The CPW conductors are formed of Cr/Au on the substrate using standard lift-off lithography metallization process. Thickness of the CPW conductors is increased by electroplating of Au. A trapezoidal cross-section PDMS microfluidic channel is defined by using a silicon template. The PDMS is poured into the silicon master and cured for 4 hours at 65 ˚C for this purpose. The PDMS structure is then detached from the silicon master and holes are punched into the PDMS structure for creating fluid inlet and outlet for the channel. The PDMS microchannel is then carefully aligned and attached by contact adhesion in the lateral direction over the gap between the signal-ground metal lines of the CPW. For maximum electric field coupling, the width of the PDMS microchannel is made equal to the CPW signal-ground metal spacing. According to computer simulations about 50% of the electric field is contained within 10 microns from the CPW surface. Hence, the depth of the microchannel should be designed accordingly to couple as much of the electric field as possible to the microfluid in the channel.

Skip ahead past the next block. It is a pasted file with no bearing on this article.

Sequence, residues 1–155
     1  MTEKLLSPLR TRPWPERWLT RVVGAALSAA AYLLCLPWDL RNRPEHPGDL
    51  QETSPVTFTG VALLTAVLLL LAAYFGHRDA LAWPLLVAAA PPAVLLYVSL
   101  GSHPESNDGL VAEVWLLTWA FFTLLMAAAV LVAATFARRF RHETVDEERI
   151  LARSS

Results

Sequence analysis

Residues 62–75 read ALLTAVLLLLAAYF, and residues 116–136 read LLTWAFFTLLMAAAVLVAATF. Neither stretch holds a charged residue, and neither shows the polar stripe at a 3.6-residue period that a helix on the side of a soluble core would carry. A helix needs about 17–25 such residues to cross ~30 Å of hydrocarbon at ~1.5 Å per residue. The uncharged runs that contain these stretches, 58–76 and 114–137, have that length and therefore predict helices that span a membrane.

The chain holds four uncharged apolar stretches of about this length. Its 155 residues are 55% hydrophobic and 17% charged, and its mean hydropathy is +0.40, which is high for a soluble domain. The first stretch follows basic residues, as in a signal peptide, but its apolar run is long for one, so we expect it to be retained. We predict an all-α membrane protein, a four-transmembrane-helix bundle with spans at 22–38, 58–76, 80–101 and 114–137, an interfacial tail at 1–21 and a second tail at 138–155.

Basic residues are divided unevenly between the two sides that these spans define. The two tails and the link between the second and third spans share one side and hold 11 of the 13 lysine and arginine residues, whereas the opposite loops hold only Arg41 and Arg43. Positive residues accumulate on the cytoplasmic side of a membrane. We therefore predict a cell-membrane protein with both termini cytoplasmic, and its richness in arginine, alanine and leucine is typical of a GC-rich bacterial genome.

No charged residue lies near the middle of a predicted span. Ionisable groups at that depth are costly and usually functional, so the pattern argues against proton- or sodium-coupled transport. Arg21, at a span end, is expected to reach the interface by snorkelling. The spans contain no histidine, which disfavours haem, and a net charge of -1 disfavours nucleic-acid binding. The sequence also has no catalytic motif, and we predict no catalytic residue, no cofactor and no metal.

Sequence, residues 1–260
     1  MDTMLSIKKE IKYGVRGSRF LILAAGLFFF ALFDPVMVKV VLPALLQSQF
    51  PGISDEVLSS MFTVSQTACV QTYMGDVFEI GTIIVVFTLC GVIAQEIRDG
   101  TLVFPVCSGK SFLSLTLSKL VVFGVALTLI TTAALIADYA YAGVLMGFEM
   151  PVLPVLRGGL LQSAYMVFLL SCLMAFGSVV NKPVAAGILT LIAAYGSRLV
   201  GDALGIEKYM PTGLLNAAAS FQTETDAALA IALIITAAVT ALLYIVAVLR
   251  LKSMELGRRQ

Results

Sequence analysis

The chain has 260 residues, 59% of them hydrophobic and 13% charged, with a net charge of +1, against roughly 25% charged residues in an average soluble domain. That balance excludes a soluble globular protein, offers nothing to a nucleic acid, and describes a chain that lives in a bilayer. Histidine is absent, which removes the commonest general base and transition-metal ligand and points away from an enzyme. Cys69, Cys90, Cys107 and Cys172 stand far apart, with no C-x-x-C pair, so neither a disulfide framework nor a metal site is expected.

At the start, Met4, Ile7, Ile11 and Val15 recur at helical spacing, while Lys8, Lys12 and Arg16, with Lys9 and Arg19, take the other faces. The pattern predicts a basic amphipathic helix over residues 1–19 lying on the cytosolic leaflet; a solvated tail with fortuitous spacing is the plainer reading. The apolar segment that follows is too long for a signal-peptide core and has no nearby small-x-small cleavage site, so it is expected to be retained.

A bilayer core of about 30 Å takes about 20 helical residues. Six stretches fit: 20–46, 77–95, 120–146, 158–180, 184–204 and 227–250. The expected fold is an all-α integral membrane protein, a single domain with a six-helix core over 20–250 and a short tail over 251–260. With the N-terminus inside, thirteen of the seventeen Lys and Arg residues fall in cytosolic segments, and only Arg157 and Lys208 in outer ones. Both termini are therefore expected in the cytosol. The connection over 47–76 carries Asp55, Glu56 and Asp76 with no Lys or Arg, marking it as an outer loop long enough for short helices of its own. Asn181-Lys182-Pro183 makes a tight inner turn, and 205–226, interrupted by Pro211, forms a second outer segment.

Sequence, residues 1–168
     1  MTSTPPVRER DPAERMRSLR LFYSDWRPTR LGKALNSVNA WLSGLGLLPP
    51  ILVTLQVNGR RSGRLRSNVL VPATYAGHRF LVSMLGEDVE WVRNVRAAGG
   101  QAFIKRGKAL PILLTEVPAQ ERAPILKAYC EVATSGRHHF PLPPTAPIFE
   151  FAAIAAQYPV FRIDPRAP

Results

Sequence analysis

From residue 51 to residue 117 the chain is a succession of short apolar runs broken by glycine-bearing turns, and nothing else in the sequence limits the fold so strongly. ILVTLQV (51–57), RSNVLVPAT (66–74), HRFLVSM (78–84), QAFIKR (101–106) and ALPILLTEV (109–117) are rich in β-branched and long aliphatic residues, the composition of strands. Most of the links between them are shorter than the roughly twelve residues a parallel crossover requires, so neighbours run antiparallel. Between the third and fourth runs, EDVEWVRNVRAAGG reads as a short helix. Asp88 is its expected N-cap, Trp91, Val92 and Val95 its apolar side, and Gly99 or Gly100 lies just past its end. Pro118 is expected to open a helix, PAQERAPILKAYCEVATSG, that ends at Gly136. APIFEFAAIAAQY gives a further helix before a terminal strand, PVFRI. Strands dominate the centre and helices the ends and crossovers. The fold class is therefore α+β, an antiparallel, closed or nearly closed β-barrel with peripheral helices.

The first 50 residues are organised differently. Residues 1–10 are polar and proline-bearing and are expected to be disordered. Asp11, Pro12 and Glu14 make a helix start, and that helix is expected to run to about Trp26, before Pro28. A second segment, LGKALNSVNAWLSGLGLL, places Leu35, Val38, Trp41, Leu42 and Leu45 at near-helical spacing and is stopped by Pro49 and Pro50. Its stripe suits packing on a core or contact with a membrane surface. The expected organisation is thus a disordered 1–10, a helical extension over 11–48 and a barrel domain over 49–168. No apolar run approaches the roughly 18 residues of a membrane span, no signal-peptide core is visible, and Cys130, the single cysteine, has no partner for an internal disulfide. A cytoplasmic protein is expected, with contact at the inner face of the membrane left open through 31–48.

Microwave power is applied at the input port of the CPW using a signal generator. The frequency of the microwaves can be varied for optimum coupling of the microwave power to the microfluid. S-parameters of the system are measured for empty channel case and also for liquids of varying ionic concentrations. The fluid temperature is obtained by measuring the temperature dependent fluorescence intensity of a dilute fluorophore dye added to the fluid and comparing it to the calibrated fluorescence intensity at a known temperature. Rhodamyne B is used as the dye solution for this purpose.

6.2. Integrated microfluidic device for generating microwave-induced temperature gradients using a microstrip waveguide configuration